Classes will be used for lectures, problem solving, discussions, and other fun activities. You should prepare for
classes by doing the reading beforehand (reading assignments are posted on the Web), thinking about
the problems in the text, and formulating questions of your own. You should also participate as much as possible in
class. Class meetings are not intended to be a complete encapsulation of the course material. You will be responsible
for learning some of the material on your own.
Should you need to miss a class for any reason, you are still responsible for the material covered in that class. This means that you will need to make sure that you understand the reading for that day, that you should ask a friend for the notes from that day, and make sure that you understand what was covered. If there is an assignment due that day, you should be sure to have a friend hand it in or put it in my departmental mailbox (in Olin 312). You do not need to tell me why you missed a class unless there is a compelling reason for me to know.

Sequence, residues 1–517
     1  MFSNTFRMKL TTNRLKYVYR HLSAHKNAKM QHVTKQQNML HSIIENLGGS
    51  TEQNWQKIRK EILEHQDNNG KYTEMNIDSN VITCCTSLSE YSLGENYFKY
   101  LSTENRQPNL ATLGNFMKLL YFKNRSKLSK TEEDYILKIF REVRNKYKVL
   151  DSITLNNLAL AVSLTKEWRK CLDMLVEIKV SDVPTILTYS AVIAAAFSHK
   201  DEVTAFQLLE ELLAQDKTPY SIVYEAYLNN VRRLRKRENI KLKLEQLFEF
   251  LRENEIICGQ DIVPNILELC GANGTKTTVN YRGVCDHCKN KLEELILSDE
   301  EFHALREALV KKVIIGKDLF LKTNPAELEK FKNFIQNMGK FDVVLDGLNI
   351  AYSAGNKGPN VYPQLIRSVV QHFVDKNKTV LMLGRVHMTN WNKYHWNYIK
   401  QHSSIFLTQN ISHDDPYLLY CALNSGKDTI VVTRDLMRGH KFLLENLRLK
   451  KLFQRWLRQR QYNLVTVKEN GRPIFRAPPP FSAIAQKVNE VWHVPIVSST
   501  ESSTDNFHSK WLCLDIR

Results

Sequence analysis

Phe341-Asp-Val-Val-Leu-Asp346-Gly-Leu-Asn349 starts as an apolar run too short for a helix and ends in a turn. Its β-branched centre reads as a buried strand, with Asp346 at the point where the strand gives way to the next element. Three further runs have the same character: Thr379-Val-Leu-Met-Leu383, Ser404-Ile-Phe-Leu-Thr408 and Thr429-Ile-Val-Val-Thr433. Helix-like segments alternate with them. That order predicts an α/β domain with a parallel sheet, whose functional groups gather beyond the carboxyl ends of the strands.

- Attendance, both physical and mental, is required. I reserve the right to lower your grade if you habitually miss class or fail to participate in class.
- Texting is not permitted in class. If you receive an urgent phone call, please just leave the class quietly and deal with the call.
Guidelines for writing proofs
Since one of the main objectives of this course is for you to understand how to write rigorous mathematical proofs, I am including the following link giving guidelines for writing proofs. I will use these guidelines when I am grading your mastery and exam problems (described below) as well as the proofs you write on exams.
I will assign homework at the beginning of each chapter by posting them on the web. The problems will be designated as practice problems, mastery problems, and exam problems:
- Practice problems are problems to give you practice understanding and presenting mathematics. You should do these problems as you read the material and prepare for class. You will often be asked to present your solutions in class on the day we cover the material. You may work together on these problems, and they will be fair game for the tests.
Mastery problems are homework problems that are graded on an mastered/not mastered basis. You may turn in
any individual homework problem in class whenever you think you have it solved, and I will return it to you by the